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Ellinwood City Council moves forward with 2018 flood control and street projects
Ellinwood employees to see salary increase in 2018
Ellinwood city offices
Ellinwood City Office.

Here’s a quick look at what happened at the Ellinwood City Council meeting Tuesday night:

• Approved the City Audit-Waiver of GAAP reporting.
• Reviewed Flood Control and Street Projects and approved bid letting to begin this week.
• Approved annual increases to Employee Salaries of $.50 an hour for full time employees beginning the next pay period.
• Heard a report from City Manager Chris Komarek about ongoing city projects including the final phase of the KDOT project, city vacancies, and upcoming OSHA training. Komarek and City Attorney Bob Peter will also travel to Topeka next week for Kansas Municipalities day at the Capital.
• An executive session was held discuss negotiations for possible acquisition of property in relation to the flood control project. No action was taken.

ELLINWOOD — The Ellinwood City Council includes a new face as of Tuesday night. Newly elected councilman Jon Prescott was sworn in privately on Monday, Jan. 8, by Ellinwood City Clerk Kim Schartz. Mayor Irlan Fullbright and Councilman Alan Brauer also visited Schartz Monday at the city offices for their swearing in.
Top on the list of new business was a page-by-page review of the proposed flood control and street project that will begin this spring, funded by a $1.5 million bond issue passed in November.
A representative from EBH Civil Engineering was on hand to answer questions for the council and to address how the city would proceed with bridging the entrance to a resident’s driveway as it tackles the issue of flood control. Corey Long was there to share his preference that when the drive is replaced, he would prefer box cars to be used rather than concrete pipe. He was hoping a solution could be found to stop flood water from running over his driveway if possible, but EBH indicated that in the event of flooding, water could not be diverted by more than a foot. More than that could cause other issues, and any solution would be designed with occasional overflow in mind. One positive development for Long, however, is the possibility his driveway could be moved to a more convenient location provided it will not cause a problem for the neighbor with whom the access is currently shared. Councilman Ken Lebbin stressed this will need to be confirmed before the council can agree to the move.
The goal of the review Tuesday was to gain approval from the council to open the projects up for bidding as soon as possible in order to get started before spring rains begin, City Manager Chris Komarek said. With that in mind, the council agreed to split the bridge issue out from the rest of the project, and gave EBH the nod to move forward with bid letting this week. This will provide the time needed to gather additional information concerning Long’s drive. Komarek assured Long he would be kept informed of progress.
Bids will be accepted until 2 p.m. on Thursday, Feb. 15, and the council will have time to consider the bids with a special meeting planned for Tuesday, Feb. 20. It is hoped that work could start on the project by the beginning of March. It is also hoped that Smoky Hill, a contractor currently working on the KDOT highway project, may bid on the new project. Komarek provided an update, stating KDOT has 26 days left before the project must be completed according to contract, and its looking likely the deadline will be met. Even if weather becomes a factor, the amount of actual construction work left to be completed is well within reach, he said.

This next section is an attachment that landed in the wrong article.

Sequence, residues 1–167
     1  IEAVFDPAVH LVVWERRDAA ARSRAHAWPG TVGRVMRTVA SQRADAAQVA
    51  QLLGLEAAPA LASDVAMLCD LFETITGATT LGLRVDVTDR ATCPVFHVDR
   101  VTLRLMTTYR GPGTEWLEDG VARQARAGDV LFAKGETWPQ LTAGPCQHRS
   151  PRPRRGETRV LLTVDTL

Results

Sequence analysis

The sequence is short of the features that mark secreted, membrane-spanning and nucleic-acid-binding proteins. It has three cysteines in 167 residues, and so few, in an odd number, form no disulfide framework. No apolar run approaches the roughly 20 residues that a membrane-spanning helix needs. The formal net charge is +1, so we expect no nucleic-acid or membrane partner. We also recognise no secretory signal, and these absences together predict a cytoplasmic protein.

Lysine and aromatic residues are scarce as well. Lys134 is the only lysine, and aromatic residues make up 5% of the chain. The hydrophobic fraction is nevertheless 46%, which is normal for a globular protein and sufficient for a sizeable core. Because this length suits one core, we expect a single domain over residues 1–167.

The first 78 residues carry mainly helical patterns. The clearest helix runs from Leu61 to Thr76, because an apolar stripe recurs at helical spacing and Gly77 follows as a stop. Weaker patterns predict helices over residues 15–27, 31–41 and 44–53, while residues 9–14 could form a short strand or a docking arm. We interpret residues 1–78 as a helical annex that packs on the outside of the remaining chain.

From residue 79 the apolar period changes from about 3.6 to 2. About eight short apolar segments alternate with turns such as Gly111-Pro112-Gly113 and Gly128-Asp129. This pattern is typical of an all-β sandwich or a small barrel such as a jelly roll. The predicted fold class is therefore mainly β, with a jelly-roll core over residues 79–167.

Employee salaries
Council members approved an increase in salary for full time employees. Starting the next pay period, they will receive an additional $.50 an hour. This was agreed upon in lieu of a percentage increase. The Consumer Price Index indicated a cost of living increase of around three percent from 2016, Komarek said. This was in line with data from the Society of Human Resource Management, according to Prescott. But Councilman Ken Lebbin advanced the idea of a dollar amount increase instead. In the end, it was agreed that the increases were similar enough in size that all could agree. Komarek indicated that city finances may not afford a similar raise next year.
Openings in two city departments were announced during Komarek’s departmental report. Deb Worman has announced her retirement in the next few weeks, and a recent water department hire has resigned. An employee in the electrical department has applied for that vacancy, so the city will also soon be advertising for a position in the electrical department.
Komarek said next week 10-hour OSHA training will begin. He will not be at the training, however, because he and City Attorney Bob Peter will be attending the Kansas Municipalities Day at the Capitol next week. They anticipate several difficult issues for Kansas Municipalities this year, with legislation pitting city utilities against cooperatives topping the list.
Following his report, at 8:50 p.m., the council, Mayor Irlan Fullbright, Komarek, Peter and Schartz entered into executive session for 10 minutes to discuss negotiations for possible acquisition of property in relation to the flood control project. They returned to regular session at 9 p.m., and no action was taken. The meeting was then adjourned.